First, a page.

The last full moon of 2012 will rise into the night sky this week in a year-ending lunar treat.
The full moon is actually an instantaneous event when the moon is exactly opposite the sun in the Earth's sky, and this month that occurs on Friday morning, Dec. 28, at 5:21 a.m. EST (1021 GMT). But, to the naked eye, the moon "looks" full for a couple of days on either side of that time, so the exact date doesn't matter.
Many owners of new telescopes are disappointed when they look at the planets. At its largest, the planet Venus is just barely one arc minute in diameter, about 1/30th of the diameter of the sun or the moon, and all the other planets appear smaller than that.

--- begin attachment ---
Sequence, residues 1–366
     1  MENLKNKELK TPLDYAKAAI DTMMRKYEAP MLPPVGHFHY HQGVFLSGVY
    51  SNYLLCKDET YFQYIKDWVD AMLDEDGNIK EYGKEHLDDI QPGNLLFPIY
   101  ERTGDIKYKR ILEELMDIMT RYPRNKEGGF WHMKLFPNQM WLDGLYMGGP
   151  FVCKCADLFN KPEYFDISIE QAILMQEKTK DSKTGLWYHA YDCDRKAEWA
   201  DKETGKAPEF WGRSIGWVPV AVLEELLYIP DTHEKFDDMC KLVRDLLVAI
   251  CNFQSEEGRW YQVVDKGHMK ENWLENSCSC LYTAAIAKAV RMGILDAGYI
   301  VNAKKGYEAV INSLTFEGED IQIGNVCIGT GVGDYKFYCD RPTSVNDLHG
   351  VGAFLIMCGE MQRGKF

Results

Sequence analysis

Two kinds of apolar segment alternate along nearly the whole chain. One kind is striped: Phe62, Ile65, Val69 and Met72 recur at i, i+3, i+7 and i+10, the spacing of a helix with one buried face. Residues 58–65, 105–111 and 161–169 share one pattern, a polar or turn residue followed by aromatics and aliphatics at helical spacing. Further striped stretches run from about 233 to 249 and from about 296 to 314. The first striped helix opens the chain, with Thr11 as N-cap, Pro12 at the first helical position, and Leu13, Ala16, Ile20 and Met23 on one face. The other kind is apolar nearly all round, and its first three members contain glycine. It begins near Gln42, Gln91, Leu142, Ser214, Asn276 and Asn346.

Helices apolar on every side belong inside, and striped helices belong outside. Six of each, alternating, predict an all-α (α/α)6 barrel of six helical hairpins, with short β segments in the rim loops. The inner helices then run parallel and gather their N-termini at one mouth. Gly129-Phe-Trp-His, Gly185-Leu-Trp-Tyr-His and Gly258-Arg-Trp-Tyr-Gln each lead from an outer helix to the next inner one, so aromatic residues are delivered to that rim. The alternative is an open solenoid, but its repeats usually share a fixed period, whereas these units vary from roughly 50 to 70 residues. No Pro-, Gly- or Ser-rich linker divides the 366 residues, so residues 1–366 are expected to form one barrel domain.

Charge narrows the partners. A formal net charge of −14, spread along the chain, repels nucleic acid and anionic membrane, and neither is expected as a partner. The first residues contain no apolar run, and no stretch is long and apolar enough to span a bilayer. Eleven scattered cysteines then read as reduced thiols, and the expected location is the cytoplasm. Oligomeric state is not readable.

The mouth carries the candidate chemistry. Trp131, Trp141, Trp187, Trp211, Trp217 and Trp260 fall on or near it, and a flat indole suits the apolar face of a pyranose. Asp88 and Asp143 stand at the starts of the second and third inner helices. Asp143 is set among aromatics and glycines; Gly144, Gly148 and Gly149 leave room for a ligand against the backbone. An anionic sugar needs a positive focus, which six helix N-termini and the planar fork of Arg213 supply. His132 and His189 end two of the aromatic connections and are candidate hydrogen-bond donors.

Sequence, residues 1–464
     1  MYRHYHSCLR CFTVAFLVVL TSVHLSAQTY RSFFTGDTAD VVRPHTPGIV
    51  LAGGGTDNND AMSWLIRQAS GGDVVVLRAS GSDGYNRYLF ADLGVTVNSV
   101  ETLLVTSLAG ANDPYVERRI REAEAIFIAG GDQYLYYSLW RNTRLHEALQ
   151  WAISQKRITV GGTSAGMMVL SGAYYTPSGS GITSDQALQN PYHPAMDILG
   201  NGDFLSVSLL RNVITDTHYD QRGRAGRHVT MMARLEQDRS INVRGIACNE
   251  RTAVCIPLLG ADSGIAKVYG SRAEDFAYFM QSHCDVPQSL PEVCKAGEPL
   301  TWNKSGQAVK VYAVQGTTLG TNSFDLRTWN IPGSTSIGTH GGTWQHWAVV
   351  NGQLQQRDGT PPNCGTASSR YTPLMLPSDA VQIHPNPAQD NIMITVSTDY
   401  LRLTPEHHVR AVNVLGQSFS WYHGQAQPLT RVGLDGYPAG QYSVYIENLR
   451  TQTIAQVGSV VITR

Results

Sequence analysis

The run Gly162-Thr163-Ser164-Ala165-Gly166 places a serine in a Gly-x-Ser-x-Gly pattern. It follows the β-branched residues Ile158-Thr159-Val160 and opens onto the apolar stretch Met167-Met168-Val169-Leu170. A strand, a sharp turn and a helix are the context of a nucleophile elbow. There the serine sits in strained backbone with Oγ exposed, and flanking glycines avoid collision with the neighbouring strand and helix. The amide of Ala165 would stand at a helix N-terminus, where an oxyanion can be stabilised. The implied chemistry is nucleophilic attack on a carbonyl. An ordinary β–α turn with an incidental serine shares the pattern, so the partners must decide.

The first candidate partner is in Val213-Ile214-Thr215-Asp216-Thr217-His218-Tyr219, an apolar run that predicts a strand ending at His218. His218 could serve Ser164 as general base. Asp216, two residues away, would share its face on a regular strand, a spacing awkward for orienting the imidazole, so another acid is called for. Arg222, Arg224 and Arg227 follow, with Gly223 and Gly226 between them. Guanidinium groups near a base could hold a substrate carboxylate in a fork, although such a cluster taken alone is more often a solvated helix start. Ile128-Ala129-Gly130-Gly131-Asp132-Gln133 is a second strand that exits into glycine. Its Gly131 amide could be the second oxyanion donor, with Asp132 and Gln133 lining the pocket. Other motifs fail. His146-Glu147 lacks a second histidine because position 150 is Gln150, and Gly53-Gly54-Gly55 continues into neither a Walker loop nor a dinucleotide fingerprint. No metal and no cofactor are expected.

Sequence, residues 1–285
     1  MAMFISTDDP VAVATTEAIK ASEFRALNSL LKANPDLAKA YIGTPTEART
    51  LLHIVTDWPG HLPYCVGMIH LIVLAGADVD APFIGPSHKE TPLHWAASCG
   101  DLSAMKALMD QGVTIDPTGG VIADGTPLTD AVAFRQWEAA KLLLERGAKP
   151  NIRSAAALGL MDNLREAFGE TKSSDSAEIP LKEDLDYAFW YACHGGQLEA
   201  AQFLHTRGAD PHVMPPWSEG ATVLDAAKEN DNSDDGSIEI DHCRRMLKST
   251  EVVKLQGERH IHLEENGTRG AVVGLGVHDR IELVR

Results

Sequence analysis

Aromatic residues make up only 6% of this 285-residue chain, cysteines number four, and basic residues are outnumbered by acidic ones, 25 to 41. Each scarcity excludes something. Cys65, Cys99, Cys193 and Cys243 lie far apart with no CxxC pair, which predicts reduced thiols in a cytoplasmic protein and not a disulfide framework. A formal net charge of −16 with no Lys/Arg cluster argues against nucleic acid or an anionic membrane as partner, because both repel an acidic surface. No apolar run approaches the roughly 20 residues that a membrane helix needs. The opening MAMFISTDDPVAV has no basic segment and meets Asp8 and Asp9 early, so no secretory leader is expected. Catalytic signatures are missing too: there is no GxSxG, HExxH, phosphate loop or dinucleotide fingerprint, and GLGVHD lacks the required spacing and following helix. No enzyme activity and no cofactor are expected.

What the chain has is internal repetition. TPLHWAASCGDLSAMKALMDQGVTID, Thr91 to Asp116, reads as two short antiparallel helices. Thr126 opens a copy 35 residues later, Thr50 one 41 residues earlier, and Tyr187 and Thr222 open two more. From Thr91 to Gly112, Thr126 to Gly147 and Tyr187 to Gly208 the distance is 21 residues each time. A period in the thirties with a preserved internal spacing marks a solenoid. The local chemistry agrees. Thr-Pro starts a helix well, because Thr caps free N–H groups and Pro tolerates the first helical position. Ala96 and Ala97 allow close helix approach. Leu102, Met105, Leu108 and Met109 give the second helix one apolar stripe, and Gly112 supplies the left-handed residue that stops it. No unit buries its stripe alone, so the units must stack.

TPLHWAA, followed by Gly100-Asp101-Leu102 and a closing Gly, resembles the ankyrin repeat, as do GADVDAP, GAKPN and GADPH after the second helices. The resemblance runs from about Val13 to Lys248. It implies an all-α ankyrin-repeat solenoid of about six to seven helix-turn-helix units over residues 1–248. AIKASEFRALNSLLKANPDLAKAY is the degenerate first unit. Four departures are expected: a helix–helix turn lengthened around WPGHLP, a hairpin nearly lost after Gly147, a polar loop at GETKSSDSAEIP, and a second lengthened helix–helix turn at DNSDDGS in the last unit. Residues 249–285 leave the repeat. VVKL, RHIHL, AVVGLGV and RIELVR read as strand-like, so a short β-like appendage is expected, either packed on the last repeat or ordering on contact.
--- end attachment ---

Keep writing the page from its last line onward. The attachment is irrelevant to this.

Telescope owners complain that the planets don't look any larger with a telescope than they do with the naked eye. That isn't true of course, because any telescope will magnify everything dozens or hundreds of times. But when something is as small as a planet, even a lot of magnification won't make it look very big.